No large project’s ever too big for us

What most amazes you about 3D printing? Could it be the 3D printed houses that are destined for the Netherlands? The fact NASA are using it to explore the impact of ice formations on aircraft wings or the fact it could possibly be used to help rebuild coral reef?

We’re living, breathing and delivering this amazingness every day, and it never ceases to amaze us just how truly ground-breaking the profession, our profession, is.

One thing’s for sure, it doesn’t discriminate. Needle eye-sized or football pitch scale, rhino horn, D-Day sculpture, car body or burger (yes, burger), the wonder of 3D printing is transforming the world with every new 3D print that’s produced. And what’s even better is that its impact is being felt sector-wide, from aerospace and automotive, to education and energy, the full force of 3D printing is transforming industry-upon-industry.

Let’s talk large-scale 3D printing….

But forget the intricacies and the teeny-tiny projects as small as a tooth – and some even smaller than that – we want to spend a few minutes focusing on the big stuff; the projects that are literally larger than life.

The parts we make are not just limited by the build volumes of the printers, by bonding parts together we’re able to make extremely large parts without sacrificing part strength.

If you’ve worked with us before or are aware of our expertise, then you’ll know that a lot of our time is spent 3D printing & 3D Scanning within our temperature-controlled unit at our site in Bromsgrove, Worcestershire. For more details, check out this article.

…the 3D scanning projects that are so large we have to go off-site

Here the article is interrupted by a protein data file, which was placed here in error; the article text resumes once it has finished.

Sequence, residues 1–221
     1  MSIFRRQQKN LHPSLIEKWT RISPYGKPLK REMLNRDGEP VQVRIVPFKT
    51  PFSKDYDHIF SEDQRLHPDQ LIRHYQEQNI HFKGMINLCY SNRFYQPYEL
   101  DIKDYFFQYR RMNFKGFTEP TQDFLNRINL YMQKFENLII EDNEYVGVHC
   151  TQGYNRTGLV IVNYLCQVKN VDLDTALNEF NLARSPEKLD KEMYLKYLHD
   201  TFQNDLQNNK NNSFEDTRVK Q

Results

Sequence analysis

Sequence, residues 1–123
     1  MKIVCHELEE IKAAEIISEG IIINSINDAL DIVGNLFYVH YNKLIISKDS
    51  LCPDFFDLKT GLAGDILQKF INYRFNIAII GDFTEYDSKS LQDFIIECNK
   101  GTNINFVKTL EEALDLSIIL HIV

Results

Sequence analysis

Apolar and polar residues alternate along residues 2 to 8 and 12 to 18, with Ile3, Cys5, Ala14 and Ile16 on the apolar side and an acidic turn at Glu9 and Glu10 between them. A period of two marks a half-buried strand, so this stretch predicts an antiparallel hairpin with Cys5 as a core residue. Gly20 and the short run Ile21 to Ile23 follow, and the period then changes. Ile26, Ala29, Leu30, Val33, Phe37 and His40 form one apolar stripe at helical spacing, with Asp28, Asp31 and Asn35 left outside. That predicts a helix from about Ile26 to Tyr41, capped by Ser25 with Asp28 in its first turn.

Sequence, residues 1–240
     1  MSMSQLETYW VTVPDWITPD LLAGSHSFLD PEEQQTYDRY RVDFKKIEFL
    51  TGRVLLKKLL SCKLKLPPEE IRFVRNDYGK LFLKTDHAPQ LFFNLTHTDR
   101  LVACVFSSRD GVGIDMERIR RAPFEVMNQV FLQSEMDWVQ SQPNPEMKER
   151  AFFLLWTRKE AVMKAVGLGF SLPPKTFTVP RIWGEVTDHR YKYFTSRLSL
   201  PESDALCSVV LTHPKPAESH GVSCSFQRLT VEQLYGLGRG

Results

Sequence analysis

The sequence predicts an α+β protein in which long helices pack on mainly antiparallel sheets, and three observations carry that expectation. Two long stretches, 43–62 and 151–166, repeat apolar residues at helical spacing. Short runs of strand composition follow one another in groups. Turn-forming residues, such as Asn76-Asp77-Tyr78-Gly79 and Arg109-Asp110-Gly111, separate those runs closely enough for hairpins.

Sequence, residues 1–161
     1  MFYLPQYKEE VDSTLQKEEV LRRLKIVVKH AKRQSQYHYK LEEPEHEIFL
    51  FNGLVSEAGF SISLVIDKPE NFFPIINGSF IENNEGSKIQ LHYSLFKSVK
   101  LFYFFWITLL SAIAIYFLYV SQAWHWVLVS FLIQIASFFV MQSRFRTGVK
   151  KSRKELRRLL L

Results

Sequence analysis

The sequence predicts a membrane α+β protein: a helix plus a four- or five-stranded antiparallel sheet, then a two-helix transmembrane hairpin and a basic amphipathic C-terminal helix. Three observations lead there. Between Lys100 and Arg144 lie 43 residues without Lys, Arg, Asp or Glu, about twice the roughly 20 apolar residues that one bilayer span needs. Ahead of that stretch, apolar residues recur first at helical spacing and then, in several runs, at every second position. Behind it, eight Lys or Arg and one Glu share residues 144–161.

But not all of our time is spent on-site. We very often take our 3D scanning skills off-site, particularly when we’re capturing larger projects that are simply far too big to take back to our base.

For instance, plant rooms and boiler rooms, or brownfield sites, as we like to call them. We’re often asked to capture them to provide our clients with a clear view of exactly what’s within the space, i.e. every hidden pipe, wires, hidden capacity. Having this clarity enables them to know what they can and can’t change and, if they ever totally clear the spaces, tells them in advance exactly how much room they’ve got to work with without being caught out by any unforeseen surprises.

Like these..

These scans were carried out using the Artec Ray 3D scanner, which is our largest 3D scanner of choice because of the laser dot technology and excellent software for data alignment. From a client perspective, this means we carry out our work quickly (we can easily capture 100 square metres in a day), cover everything (right down to the smallest detail), and all with unfaltering accuracy.

And while most people think larger doesn’t necessarily mean as much detail as the smaller projects, they’d be wrong. We apply the same pinpoint accuracy and razor-sharp attention to detail to all pieces, large or small, thanks to the industry-leading equipment we use.

Got any questions or perhaps you have a large 3D printing project you’d like to discuss with us? No large 3D printing and 3D scanning project job is too big – or too small – for us. You can reach us on 01527 558282 or



1 Comment

  1. Mihail Voham

    This is really amazing, but when somebody will invent a 3d scanner , which could scan inside a concrete column/beam to see steel rebars?

    This is highly necessary for construction engineers like us, because often we need to make a reconstruction of old buildings without any drawings preserved.